Most youth in the United States are healthy, happy, and productive members of society.
In fact, the majority of youth in the country engage in some form of volunteer activity and they see the value in the work they do to help others.
When youth volunteer, benefits are reaped by almost everyone involved—the targeted population, the community, and the volunteers themselves.
Volunteers help lower operational costs of organizations, like the 4-H program, museums, zoos, and food banks.
This allows organizations to make services available to larger audiences.  
Volunteering also has positive effects on the community.
Youth who are involved promote community togetherness and positive citizenship.
Youth volunteers feel more connected to their respective communities and tend to stay in or return to those communities.
Experts agree that youth volunteerism provides opportunities for youth to learn new skills and valuable work experience.
This enhances work marketability and increases chances for college success.
Volunteer work provides opportunities to develop friendships and meaningful relationships, often with like-minded peers and adults.
The experience of volunteerism can help develop many social skills—compassion, leadership, confidence, self-esteem, plus the realization that you can make a difference.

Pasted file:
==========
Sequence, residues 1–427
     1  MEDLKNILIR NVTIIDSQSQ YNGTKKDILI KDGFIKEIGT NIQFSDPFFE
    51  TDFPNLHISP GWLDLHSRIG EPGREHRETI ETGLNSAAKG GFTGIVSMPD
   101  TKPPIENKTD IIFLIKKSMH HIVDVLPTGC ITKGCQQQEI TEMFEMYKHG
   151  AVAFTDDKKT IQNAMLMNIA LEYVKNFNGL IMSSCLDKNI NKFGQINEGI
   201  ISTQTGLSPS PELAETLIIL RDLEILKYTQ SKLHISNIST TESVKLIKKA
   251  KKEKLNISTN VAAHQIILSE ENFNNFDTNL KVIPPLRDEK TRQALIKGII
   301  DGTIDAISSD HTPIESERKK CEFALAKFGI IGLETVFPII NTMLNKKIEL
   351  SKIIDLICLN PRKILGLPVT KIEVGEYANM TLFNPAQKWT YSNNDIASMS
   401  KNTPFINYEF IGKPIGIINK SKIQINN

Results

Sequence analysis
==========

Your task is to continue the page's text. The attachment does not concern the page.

While volunteering has many benefits, it can be time consuming and exhausting for some youth who are already extremely busy.
To keep youth involved and to encourage volunteerism, allow them the ability to take time off if needed and keep scheduled hours short and flexible.      
Matching volunteers to their interests and talents is also a great way to keep volunteers in a program.
Youth look forward to volunteering if it is fun and allows them to work on skills that are beneficial to them.
Ideas on how parents, educators, and community leaders can encourage youth to volunteer include:

Provide youth with information on volunteer opportunities.
Invite, ask, and encourage youth to volunteer.
Help youth work through practical barriers.
Help them work through scheduling, transportation, completing an application, and other steps in volunteering.
Help youth find an opportunity that fits his or her interests and skills.
Alert youth to the rewards of volunteering.
Point out to youth that volunteer activities enhance their scholarship applications and resume.
They can also gain skills that might improve their job marketability, plus it feels good to help others.
Be a great role model. Parents and other adults who encourage youth to volunteer are more effective if they themselves volunteer.  
Being involved in causes that help other people is an essential component of positive youth development.
The experience of volunteering provides youth with the social and practical skills that can help them succeed in life and gets them engaged and more invested in their communities.

Sarah Purcell is a UNL Extension Educator for Otoe County and Southeast Nebraska.  She can be reached at 402-269-2301 or via email at spurcell2@unl.edu.